By Emma Simpson, MD, Chair of Radiology
EPIC’s EMR adopted by MLH provides an automatic generation of risk assessment for breast cancer using the modified Gail Risk model. This risk assessment had been calculated and included in some MLH screening mammograms in the past, but with the adoption of EPIC, this piece of data is included in more of the reports and is commonly in the EPIC record. It is based on an original algorithm derived from a screening database of 280,000 US women ages 35-74 and then subsequently modified to improve the accuracy in women with a previous biopsy.
What are the factors considered in calculating the modified Gail Risk Score?
Personal medical history, reproductive history, first degree relatives with breast cancer, and the number of and results of previous breast biopsies.
Is it accurate for all women?
The main caveat to using the Gail Risk Score is possible underestimation of risk. While MLHS has implemented the score for women aged 35-74 it is important for all providers to consider the factors that could limit its accuracy. It is not applicable for women with a history of invasive breast cancer, DCIS or LCIS. It was validated in a population of Caucasian women living in the United States, and therefore may have limited applicability to those with other racial or ethnic backgrounds. There are other factors that increase risk for breast cancer that are not considered in this model.
How do I use the risk score?
It is important to keep in mind the limitations of the score, some of which are listed above and mostly can result in underestimation. A normal or low score does not mean a patient won’t get breast cancer. Average lifetime risk is 12% in the US. The literature shows that patients with a lifetime risk score of 20% or higher benefit by having a screening MRI and most insurers will cover the study for these high risk patients if their mammogram also show dense or heterogeneously dense breasts. We also recommend considering referring women with a life time risk score of 20% or higher to a breast surgeon and a genetic counselor who can determine if genetic testing is appropriate. Patients with known genetic mutations such as BRCA1 or BRCA2 as well as other hereditary syndromes benefit from similar referrals, regardless of the Gail Risk score.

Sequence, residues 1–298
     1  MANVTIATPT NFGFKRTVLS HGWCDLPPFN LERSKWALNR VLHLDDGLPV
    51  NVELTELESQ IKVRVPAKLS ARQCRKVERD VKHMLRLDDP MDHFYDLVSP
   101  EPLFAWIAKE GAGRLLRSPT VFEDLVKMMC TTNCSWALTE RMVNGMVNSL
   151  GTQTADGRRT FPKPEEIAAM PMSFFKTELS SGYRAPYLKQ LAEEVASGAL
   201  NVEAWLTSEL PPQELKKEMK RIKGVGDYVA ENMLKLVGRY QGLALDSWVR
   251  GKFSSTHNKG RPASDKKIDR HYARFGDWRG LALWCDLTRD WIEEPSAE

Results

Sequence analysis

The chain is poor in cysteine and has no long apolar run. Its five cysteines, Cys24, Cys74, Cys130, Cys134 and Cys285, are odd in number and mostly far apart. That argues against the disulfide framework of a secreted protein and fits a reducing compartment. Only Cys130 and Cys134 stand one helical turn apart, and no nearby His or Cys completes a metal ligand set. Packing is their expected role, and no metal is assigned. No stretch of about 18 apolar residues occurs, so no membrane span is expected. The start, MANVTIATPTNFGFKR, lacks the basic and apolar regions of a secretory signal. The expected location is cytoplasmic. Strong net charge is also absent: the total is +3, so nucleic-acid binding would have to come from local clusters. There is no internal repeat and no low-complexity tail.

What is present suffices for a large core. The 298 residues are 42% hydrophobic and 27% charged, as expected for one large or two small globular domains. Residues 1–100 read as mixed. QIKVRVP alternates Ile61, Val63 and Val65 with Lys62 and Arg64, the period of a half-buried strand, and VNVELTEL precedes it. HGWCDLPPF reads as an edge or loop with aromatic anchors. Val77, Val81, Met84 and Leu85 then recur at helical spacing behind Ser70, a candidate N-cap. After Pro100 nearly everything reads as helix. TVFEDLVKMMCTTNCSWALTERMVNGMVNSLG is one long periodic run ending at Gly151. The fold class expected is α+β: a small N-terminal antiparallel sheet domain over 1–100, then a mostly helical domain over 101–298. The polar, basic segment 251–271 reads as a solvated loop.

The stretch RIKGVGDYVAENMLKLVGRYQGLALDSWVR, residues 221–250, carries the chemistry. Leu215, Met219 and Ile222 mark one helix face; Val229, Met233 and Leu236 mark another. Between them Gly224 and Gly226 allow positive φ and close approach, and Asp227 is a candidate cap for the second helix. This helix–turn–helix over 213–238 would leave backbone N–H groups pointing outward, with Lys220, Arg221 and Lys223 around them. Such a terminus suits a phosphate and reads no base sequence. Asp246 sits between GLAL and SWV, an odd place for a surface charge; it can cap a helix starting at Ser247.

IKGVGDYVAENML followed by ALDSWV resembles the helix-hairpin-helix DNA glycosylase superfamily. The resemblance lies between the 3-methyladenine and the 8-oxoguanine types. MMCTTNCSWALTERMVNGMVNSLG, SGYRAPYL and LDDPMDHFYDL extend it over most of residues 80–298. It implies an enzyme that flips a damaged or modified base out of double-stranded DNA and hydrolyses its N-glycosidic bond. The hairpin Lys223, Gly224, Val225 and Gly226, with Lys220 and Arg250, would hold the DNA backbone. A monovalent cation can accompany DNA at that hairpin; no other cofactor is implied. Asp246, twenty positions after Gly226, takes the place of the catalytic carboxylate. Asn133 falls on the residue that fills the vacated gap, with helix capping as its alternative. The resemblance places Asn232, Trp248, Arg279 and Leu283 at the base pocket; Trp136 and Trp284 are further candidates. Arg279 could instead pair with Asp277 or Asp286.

Are there better risk tools available?
MLH is exploring other, newer risk model tools through the system Breast Tumor Work Group. We will keep you posted. Please feel free to call one of our breast centers and speak with one of our breast imagers if you have questions. You can reach the MLH Cancer Risk Assessment and Genetics at 484-565-GENE. The phone numbers for the Nurse Navigators at each breast center are listed below.